1982 Indiana Basketball: Ups & Downs On The Road To March
Indiana basketball was on a high after the 1981 season ended. The program had won its second national championship in six years. The Hoosiers had taken each of the two previous Big Ten titles outright. But the aftermath of that season created a lot of challenges for 1982 Indiana basketball to overcome.
READ GREAT 1980s SPORTS MOMENTS
The personnel losses from the championship team were expected. Ray Tolbert, a terrific power forward, graduated. The fact that a little point guard named Isiah Thomas opted to go pro after his sophomore year was no surprise.
What wasn’t expected is that the head coach, the already-legendary Bob Knight, would flirt with leaving coaching to become to the top analyst at CBS, which had just won the bidding rights for the NCAA Tournament. Reports were that CBS’ lead negotiators were convinced that Knight was coming on board.
Then came tragedy. The focal point of the 1982 team was going to be center Landon Turner, who had emerged during the previous March. Turner had the makings of a player you could quickly build a new championship team around and could potentially be the first overall pick in the NBA draft.
But that summer, Turner was in a car accident. He was paralyzed from the waist down. Knight would stay at Indiana and help raise money to pay Turner’s medical bills and to remodel his parents’ home to make it suitable for wheelchair access.
Those were the most important stories of the 1982 Indiana Hoosiers, but there was still a basketball season to be played and a program that had been on a high was now in need of recovery.
Knight would build the ’82 team around Ted Kitchel and Randy Wittman on the wings. Kitchel averaged 20ppg, second in the Big Ten. Wittman knocked down 12ppg. Another player who had started to emerge in March of 1981 was Jim Thomas. The numbers didn’t dazzle you—9 points/6 rebounds/4 assists, but Thomas was a tough player and a leader on the floor. Steve Bouchie was a forward who could play the kind of defense Knight demanded.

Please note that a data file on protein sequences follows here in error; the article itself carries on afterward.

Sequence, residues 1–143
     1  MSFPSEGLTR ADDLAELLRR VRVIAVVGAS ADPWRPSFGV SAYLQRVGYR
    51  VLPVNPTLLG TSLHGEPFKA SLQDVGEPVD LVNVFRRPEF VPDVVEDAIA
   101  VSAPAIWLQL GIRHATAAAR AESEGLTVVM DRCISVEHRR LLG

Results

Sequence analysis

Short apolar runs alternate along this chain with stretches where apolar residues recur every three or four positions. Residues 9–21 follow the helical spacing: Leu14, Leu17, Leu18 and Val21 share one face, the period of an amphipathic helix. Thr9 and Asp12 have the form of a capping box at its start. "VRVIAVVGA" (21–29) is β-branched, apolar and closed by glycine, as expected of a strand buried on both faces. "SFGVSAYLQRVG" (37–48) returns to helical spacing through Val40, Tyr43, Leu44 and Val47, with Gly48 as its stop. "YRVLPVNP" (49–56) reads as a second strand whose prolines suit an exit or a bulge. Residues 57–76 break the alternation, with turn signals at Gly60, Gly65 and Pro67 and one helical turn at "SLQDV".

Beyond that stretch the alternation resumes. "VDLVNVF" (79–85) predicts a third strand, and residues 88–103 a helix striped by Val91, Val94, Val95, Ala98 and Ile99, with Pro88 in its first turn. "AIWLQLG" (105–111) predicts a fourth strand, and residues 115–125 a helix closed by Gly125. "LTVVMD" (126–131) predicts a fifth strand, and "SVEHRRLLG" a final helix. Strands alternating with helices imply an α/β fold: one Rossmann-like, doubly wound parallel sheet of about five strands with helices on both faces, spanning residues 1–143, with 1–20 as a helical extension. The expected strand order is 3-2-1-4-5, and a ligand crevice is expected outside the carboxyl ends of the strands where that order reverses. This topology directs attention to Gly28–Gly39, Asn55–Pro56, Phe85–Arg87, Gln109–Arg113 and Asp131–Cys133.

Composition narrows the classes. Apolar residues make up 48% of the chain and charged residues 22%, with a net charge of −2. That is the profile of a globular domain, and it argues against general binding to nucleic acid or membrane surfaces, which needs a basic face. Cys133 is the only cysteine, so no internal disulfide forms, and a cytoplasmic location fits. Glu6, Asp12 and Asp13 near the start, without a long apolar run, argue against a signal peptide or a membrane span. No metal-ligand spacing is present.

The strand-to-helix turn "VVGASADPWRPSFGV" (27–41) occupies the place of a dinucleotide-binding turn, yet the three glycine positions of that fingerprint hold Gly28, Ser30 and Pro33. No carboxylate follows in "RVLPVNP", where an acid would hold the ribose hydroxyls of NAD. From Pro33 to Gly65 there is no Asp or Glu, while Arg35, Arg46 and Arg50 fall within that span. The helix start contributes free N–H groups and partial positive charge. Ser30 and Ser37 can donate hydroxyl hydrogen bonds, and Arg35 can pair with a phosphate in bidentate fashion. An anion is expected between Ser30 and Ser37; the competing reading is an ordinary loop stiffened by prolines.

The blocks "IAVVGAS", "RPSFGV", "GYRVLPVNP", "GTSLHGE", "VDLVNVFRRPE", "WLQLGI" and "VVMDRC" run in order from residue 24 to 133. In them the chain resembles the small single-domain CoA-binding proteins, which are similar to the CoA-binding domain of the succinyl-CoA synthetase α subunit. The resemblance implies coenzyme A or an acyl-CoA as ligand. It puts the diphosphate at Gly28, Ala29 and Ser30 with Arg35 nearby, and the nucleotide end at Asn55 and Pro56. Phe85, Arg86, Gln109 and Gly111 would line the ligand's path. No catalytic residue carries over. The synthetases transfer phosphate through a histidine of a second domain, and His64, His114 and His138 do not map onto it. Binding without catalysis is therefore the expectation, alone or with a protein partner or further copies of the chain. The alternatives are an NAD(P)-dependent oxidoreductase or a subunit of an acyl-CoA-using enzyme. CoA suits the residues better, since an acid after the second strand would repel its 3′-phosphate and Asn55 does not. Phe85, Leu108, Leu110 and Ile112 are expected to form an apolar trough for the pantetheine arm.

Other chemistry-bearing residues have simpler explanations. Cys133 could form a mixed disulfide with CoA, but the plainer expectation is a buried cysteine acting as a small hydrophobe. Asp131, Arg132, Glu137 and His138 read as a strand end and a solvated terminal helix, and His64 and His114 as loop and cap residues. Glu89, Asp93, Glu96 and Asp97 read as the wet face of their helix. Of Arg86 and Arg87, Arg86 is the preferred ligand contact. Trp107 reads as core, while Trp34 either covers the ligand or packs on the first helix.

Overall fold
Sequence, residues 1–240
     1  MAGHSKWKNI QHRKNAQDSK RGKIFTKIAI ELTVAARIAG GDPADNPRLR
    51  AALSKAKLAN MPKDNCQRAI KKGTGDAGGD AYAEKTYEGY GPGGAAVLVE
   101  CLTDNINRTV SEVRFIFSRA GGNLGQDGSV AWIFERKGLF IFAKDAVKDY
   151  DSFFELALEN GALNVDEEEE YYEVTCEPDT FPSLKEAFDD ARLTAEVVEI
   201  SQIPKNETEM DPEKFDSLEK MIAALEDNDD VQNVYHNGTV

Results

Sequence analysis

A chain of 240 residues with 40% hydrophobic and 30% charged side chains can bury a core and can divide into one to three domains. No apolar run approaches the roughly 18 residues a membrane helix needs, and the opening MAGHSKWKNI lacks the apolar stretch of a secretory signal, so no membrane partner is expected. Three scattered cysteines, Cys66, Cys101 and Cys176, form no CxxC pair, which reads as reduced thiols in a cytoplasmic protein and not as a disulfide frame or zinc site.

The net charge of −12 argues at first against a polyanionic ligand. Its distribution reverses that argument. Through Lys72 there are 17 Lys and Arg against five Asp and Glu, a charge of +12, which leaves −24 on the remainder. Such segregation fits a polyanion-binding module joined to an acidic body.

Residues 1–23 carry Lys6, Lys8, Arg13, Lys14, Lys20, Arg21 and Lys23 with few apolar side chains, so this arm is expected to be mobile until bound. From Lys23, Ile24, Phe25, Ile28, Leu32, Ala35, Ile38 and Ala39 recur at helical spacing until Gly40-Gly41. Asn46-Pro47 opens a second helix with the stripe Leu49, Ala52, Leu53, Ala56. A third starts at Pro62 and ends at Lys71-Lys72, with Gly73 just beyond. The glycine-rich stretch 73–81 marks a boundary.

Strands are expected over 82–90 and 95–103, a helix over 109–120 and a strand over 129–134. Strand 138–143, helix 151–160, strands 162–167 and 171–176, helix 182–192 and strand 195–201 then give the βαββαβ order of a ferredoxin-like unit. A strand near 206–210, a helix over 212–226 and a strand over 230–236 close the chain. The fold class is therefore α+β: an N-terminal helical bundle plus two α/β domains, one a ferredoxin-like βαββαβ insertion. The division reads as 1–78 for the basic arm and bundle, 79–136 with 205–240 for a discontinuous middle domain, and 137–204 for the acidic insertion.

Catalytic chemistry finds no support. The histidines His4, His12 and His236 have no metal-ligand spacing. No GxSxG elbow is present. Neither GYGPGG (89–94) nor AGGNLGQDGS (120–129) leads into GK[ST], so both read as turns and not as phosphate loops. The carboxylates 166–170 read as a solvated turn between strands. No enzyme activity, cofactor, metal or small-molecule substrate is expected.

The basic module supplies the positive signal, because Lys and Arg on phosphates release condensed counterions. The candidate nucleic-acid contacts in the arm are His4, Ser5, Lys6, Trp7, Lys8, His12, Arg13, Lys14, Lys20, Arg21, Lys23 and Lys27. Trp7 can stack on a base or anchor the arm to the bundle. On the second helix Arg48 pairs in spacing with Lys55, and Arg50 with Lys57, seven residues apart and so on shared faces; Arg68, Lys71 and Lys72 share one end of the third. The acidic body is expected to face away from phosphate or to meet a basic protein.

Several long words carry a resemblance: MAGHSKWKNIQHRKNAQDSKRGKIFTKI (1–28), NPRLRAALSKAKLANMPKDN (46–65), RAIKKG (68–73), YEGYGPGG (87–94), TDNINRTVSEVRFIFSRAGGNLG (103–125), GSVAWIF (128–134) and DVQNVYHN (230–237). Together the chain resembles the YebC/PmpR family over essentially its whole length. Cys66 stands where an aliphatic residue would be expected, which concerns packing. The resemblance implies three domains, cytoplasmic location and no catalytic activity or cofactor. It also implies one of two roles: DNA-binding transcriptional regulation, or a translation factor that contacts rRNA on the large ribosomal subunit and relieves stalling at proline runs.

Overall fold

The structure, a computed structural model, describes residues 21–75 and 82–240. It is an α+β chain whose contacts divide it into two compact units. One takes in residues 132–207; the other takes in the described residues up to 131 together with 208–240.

And the Hoosiers had some depth. John Flowers was a good rebounder off the bench. There were two freshmen who would become notable. Uwe Blab was a 7’2” center from Germany and he began working his way into the rotation. So did Dan Dakich in the backcourt. Dakich later was an assistant coach at Indiana and today is as close as there is to a voice of Big Ten basketball on ESPN.
Indiana was ranked #12 to start the year. They easily beat Notre Dame at home, although this would be a year that the Irish would fall hard from national relevance. IU lost decisively at second-ranked Kentucky.
Kansas State was a good NCAA Tournament-bound team, and Thomas stepped up with 11 rebounds to key a 58-49 win. Indiana then went to Madison Square Garden for a holiday tournament just prior to the New Year. They were handed two losses, by a good Villanova team and a mediocre Kansas squad. The Hoosiers were unranked when Big Ten play began and still looking for answers.
Instead of answers, they got more questions. Conference play started with road losses to Michigan State and Northwestern, both of whom were on their way to losing seasons. Finally, a thirty-point blowout of mediocre Michigan at home got Indiana off the schneid in league play.